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Philippines Black Market is China's Source of Cheaper Gold

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High world gold prices are a boon to small-scale miners in the southern Philippines these days, and a mine worker can earn ten times as much as a laborer in Manila.

Mr Landa needs it to support his eight children.

[Camilo Landa, Mine Worker, Father of Eight]:
"I'll be able to buy rice to eat. I can pay our loans. I'm happy."

But while miners are flourishing, the Philippine government is losing out.

By law, gold produced in the country's small mines should be sold to the Central Bank, to pump up their reserves.

But the bank's purchases have plummeted by 98 percent this year.

Many point out that a newly imposed tax on gold is the reason behind the rise in smuggling.

Officials and sources say the gold is being smuggled to Hong Kong, before disappearing into China.

[Leo Jasareno, Director, Bureau of Mines and Geosciences]:
"Our suspicion is that it's either black market or smuggled out of the country. So 80 percent of gold, lost."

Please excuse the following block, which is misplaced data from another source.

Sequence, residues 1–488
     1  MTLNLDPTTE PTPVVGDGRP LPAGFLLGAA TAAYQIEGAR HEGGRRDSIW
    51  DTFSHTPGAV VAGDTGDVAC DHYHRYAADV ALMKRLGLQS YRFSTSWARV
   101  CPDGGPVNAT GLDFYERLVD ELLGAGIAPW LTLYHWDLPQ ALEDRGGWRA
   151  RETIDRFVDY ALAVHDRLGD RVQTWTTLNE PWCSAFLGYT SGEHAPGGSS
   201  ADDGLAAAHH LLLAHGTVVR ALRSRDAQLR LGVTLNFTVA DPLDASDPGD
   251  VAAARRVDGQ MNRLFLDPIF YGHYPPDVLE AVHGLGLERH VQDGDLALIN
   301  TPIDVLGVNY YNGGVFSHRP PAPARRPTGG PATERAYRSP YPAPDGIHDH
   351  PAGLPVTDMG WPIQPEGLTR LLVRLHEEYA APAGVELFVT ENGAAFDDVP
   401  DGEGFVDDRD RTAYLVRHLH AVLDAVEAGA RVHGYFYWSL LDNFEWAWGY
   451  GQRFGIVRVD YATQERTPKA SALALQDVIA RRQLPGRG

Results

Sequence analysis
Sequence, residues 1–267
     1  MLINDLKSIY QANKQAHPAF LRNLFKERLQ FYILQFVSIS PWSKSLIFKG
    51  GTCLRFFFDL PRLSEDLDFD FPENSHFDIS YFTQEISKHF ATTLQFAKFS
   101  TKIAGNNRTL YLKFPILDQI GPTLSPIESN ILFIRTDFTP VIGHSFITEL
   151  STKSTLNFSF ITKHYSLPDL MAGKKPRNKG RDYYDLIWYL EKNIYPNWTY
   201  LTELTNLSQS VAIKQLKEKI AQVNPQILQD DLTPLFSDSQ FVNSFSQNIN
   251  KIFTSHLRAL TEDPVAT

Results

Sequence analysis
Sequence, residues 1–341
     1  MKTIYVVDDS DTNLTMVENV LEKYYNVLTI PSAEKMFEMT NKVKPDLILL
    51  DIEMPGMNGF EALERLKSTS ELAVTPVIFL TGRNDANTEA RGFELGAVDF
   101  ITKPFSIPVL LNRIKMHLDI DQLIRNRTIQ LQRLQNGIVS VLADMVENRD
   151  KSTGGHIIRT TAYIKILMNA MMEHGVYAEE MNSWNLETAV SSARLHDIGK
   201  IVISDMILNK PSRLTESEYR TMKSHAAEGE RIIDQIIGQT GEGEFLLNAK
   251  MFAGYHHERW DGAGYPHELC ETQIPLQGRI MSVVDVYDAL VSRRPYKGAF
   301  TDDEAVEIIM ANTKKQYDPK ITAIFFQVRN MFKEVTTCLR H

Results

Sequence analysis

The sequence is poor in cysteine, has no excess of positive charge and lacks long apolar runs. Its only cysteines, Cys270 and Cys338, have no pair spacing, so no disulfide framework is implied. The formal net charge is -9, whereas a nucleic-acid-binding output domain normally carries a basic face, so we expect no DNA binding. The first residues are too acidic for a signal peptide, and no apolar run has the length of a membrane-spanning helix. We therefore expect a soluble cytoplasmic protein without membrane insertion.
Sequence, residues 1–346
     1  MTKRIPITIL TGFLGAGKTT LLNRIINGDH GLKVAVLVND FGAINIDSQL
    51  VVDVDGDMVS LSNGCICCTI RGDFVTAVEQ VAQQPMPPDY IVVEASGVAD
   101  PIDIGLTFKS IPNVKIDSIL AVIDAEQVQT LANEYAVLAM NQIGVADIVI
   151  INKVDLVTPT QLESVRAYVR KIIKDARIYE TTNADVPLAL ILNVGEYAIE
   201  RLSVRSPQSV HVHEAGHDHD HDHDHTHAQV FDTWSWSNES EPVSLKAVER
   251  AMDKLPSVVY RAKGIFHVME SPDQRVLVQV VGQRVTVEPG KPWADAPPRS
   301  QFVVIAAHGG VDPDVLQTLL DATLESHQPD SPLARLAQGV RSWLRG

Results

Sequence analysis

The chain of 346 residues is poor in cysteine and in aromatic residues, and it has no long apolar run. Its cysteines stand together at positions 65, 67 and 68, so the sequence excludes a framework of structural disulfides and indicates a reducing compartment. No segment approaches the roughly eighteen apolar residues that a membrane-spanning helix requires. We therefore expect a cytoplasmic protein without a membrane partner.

[Arthur Uy, Owner of Small Mines and Local Governor]:
"The black market now is flourishing, so they would sell now their produce now to the black market."

Reports of illegal sales to China are unverified, but official data from Hong Kong shows gold shipments from the Philippines went from a mere 24 pounds in the year 2000 to 90 tons in 2010.

But in a puzzling discrepancy, Philippine customs only accounted for three percent of that volume.

The government is set to impose strict control on small scale mines.

Illegal mining now accounts for up to 15 percent of global gold output.

video credit to NTDTV